She Wasn’t Able to Get an Abortion. Now She’s a Mom. Soon She’ll Start 7th Grade.
Ashley just had a baby. She’s sitting on the couch in a relative’s apartment in Clarksdale, Miss., wearing camo print leggings and fiddling with the plastic hospital bracelets still on her wrists. It’s August and pushing 90 degrees, which means the brown patterned curtains are drawn, the air conditioner is on high, and the room feels like a hiding place. Peanut, the baby boy she delivered two days earlier, is asleep in a car seat at her feet, dressed in a little blue outfit. Ashley is surrounded by family, but nobody is smiling. One relative silently eats lunch in the kitchen, her two siblings stare glumly at their phones, and her mother, Regina, watches from across the room. Ashley was discharged from the hospital only hours ago, but there are no baby presents or toys in the room, no visible diapers or ointments or bottles. Almost nobody knows that Peanut exists, because almost nobody knew that Ashley was pregnant. She is 13 years old. Soon she’ll start seventh grade.
In the fall of 2022, Ashley was raped by a stranger in the yard outside her home, her mother says. For weeks, she didn’t tell anybody what happened, not even her mom. But Regina knew something was wrong. Ashley used to love going outside to make dances for her TikTok, but suddenly she refused to leave her bedroom. When she turned 13 that November, she wasn’t in the mood to celebrate. “She just said, ‘It hurts,’” Regina remembers. “She was crying in her room. I asked her what was wrong, and she said she didn’t want to tell me.” (To protect the privacy of a juvenile rape survivor, TIME is using pseudonyms to refer to Ashley and Regina; Peanut is the baby’s nickname.)
The signs were obvious only in retrospect. Ashley started feeling sick to her stomach; Regina thought it was related to her diet. At one point, Regina even asked Ashley if she was pregnant, and Ashley said nothing. Regina hadn’t yet explained to her daughter how a baby is made, because she didn’t think Ashley was old enough to understand. “They need to be kids,” Regina says. She doesn’t think Ashley even realized that what happened to her could lead to a pregnancy.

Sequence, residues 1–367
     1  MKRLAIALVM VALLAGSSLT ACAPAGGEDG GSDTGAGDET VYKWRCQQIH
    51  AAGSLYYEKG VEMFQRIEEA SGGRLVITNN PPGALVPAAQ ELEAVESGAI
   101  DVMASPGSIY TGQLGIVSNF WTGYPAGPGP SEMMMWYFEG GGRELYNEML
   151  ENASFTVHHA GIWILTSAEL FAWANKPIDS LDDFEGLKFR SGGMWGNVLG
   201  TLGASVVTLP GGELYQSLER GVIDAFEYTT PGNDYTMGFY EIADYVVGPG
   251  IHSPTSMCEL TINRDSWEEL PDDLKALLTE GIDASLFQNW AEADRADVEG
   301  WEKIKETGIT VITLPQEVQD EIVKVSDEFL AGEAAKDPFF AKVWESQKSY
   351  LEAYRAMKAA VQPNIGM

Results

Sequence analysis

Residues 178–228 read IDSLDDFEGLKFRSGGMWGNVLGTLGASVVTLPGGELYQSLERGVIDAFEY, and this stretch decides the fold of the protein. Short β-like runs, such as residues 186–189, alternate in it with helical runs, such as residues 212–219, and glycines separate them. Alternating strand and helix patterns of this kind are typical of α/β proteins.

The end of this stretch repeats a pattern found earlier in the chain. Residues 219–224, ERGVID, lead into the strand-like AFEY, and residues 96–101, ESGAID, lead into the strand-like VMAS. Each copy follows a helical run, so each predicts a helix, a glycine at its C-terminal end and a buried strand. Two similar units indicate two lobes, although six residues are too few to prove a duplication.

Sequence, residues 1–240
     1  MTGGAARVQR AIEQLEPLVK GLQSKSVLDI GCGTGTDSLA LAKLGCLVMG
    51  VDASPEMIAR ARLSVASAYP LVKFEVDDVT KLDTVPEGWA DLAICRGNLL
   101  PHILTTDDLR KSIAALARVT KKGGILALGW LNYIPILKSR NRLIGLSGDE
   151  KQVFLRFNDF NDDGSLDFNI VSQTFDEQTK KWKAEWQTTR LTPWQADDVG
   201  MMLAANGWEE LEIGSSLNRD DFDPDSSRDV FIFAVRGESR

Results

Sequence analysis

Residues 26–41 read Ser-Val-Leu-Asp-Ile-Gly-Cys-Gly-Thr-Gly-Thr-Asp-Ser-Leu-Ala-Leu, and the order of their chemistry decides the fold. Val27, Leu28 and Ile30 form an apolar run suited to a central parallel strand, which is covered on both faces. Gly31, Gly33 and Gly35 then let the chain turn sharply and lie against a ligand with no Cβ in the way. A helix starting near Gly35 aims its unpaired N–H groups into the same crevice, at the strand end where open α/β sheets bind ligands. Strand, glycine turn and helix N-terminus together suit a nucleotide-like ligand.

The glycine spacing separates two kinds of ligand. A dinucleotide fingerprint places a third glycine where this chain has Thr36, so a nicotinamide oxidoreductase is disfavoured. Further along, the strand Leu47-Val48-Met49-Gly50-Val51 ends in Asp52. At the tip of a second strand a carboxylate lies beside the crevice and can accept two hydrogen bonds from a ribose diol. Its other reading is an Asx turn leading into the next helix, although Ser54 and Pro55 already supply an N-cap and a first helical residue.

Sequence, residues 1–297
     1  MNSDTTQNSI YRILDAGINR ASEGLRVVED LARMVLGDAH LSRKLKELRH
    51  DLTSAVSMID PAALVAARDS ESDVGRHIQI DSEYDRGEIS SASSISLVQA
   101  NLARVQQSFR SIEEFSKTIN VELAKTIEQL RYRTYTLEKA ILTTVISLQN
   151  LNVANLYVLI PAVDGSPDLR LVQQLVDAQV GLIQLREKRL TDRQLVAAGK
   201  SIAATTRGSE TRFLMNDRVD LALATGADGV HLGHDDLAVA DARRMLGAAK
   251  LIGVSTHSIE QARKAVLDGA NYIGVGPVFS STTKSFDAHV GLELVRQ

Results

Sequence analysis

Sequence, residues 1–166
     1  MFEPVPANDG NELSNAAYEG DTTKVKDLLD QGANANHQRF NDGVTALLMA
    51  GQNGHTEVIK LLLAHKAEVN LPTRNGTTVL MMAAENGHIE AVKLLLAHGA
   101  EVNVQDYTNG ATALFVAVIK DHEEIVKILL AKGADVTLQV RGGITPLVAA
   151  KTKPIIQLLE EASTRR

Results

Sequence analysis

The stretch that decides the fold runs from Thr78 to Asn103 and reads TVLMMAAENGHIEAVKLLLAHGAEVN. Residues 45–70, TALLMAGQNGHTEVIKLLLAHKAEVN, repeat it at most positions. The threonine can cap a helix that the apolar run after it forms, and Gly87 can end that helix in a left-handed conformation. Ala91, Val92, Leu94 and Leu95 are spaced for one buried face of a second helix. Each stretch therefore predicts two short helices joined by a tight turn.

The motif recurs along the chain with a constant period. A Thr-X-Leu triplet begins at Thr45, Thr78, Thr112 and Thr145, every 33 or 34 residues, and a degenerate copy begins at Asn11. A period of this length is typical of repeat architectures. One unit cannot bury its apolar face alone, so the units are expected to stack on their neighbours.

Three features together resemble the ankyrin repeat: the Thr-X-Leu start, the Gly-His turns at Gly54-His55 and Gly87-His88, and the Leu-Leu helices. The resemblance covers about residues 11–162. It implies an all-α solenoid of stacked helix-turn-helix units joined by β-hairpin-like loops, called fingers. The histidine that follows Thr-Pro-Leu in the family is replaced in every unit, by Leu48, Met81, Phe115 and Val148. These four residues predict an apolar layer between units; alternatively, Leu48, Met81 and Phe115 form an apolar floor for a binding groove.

On Jan. 11, Ashley began throwing up so much that Regina took her to the emergency room at Northwest Regional Medical Center in Clarksdale. When her bloodwork came back, the hospital called the police. One nurse came in and asked Ashley, “What have you been doing?” Regina recalls. That’s when they found out Ashley was pregnant. “I broke down,” Regina says.
Dr. Erica Balthrop was the ob-gyn on call that day. Balthrop is an assured, muscular woman with close-cropped cornrows and a tattoo of a feather running down her arm. She ordered an ultrasound, and determined Ashley was 10 or 11 weeks along. “It was surreal for her,” Balthrop recalls. “She just had no clue.” The doctor could not get Ashley to answer any questions, or to speak at all. “She would not open her mouth.” (Balthrop spoke about her patient’s medical history with Regina’s permission.)
Balthrop told Regina that the closest abortion provider for Ashley would be in Chicago. At first, Regina thought she and Ashley could drive there. But it’s a nine-hour trip, and Regina would have to take off work. She’d have to pay for gas, food, and a place to stay for a couple of nights, not to mention the cost of the abortion itself. “I don’t have the funds for all this,” she says.